Most people will never understand the thrill of being on a stage because, actually, they have never been. That complex array of mixed emotions, gut feeling and embarrassment which sometimes spawns some of the World’s greatest awesomeness may be related to travel in many ways.
As I previously wrote , by bringing an instrument on your travels you may enhance the chances of casual encounters with locals, volunteer opportunities, earn some money as you go and many other serendipitous experiences making a trip much more worth remembering.
But… what about those people who are actually travelling by playing music? What about the touring artists? They do get to travel, yes. A lot. And the best part is… they get paid for it!!
The role of the musician in today’s society is generally misunderstood, placed on a superior level, a better niche, and is generally perceived as something we may never get to attain. Well… deadly wrong, my friends. Playing music and get to travel is easier than you would think, if your expectations remain in the realm of realism. Because Woodstock and the 70s, unfortunately, are long gone in the sands of mythology and times…
I decided to start writing a series of posts to help those with a musical penchant to analyze their skills, organize them into a musical product, and take it out on the road by touring… and consequently get to travel the world in an amazingly different way.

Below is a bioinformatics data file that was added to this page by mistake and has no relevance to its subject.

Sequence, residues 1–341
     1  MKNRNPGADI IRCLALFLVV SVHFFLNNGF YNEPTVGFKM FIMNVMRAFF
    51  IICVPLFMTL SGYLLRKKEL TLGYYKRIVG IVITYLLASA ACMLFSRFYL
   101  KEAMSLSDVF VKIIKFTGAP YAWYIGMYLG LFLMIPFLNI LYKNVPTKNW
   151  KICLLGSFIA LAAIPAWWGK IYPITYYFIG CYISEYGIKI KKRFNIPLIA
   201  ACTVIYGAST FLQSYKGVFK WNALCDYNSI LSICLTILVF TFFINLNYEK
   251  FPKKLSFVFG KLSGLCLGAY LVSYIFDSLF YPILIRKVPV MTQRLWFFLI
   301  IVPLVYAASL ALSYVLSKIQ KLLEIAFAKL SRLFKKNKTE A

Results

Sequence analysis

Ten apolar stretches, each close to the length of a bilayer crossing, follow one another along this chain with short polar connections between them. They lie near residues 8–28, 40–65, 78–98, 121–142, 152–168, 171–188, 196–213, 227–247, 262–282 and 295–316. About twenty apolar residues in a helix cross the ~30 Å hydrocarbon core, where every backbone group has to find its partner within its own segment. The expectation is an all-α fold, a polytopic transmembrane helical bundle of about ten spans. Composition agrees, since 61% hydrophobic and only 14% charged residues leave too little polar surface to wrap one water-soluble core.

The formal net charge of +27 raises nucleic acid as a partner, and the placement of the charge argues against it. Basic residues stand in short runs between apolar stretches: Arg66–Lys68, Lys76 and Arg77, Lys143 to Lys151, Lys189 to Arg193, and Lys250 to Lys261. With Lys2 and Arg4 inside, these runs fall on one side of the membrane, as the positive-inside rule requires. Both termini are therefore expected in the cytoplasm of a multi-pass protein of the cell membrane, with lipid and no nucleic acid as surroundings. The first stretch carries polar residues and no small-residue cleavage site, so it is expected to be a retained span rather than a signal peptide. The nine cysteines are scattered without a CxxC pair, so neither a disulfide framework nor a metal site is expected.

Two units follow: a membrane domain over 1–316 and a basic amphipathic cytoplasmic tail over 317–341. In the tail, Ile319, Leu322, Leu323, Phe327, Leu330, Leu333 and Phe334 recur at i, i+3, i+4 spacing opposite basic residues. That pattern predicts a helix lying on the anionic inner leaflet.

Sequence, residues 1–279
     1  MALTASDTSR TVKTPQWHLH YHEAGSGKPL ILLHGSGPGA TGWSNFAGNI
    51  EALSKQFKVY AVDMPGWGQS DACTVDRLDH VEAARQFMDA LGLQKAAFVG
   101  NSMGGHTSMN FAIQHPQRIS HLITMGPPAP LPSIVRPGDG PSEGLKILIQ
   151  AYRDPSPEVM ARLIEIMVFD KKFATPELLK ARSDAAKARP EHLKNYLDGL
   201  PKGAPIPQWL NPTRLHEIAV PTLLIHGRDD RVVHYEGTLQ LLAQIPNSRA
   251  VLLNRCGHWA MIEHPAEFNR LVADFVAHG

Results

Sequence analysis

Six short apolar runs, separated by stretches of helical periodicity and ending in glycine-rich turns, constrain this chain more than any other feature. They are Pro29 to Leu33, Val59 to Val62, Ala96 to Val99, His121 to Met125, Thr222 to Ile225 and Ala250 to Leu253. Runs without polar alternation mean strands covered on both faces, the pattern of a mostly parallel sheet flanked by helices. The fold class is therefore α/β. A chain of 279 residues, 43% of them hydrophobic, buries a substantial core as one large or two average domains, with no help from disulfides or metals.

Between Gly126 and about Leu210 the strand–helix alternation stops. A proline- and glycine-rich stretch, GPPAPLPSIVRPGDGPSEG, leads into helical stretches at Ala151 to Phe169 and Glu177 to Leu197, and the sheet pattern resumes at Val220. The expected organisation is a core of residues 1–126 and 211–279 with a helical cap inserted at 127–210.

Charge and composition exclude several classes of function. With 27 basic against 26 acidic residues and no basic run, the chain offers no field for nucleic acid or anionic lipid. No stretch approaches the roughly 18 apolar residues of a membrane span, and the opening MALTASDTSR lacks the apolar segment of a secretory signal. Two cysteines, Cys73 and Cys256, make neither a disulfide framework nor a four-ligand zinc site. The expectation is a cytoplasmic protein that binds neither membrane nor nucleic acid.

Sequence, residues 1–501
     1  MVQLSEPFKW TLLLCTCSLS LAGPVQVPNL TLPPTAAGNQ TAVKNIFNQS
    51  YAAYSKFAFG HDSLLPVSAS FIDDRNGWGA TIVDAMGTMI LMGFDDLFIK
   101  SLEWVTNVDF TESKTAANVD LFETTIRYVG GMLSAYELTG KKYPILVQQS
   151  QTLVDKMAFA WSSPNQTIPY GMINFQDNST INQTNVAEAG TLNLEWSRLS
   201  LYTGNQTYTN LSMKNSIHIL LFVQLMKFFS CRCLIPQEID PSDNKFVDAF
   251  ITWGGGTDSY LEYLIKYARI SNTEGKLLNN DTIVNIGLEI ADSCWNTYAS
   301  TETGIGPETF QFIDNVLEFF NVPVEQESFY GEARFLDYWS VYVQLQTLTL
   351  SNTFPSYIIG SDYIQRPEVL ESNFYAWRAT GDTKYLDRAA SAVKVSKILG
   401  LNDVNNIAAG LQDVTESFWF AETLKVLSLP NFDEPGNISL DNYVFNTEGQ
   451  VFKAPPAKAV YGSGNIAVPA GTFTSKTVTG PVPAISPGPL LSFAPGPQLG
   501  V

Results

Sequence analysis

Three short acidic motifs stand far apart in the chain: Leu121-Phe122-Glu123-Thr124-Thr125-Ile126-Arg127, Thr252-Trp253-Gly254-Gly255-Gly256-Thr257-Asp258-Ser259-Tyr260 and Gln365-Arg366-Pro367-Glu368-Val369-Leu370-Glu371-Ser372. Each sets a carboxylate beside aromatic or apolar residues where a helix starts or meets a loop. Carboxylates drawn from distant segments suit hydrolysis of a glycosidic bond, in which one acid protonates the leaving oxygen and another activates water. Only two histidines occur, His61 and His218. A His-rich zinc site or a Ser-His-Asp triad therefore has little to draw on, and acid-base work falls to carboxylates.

How many times have you wandered the streets of most European and American cities, visiting different bars, and asking yourself how could that terrible guitarist get to strum those elementary notes on a stage, drunk, and just plain mediocre? If such people get a chance to express themselves, why should not you, a skilled, enthusiastic musician, get to do the same?
Because you do not know how, possibly. Because the music business still remains one of the least accessible cast systems in the show business… possibly alike to literary circles, but with a bigger emphasis on the egos, the booze, and the mayhem. And most times, believe me, when you get into those circles, you will understand that you CAN DO much better than most of them.
So, if you have dreamed about packing that guitar/ukulele/flute/keyboard/saxophone and taking it out on the road, driving long distances in vans crammed with people, sleeping on the floors of total strangers who have become your new best friends after a night of musical entertainment – and possible drunk mayhem -, getting to know the insights of the World’s furthest corners’ youth cultures, and making a lot of friends –and boy/girlfriends – along the way… well, if you really DID dream about this, tune up your RSS feed on Vagabonding because from this week onwards, and sometimes sporadically, you will find a wealth of useful information.
Now, go back to the bed, and keep practicing on the guitar!!! Because nothing in this World comes without effort… and this is the bottom line of this introduction, and Lesson Number One.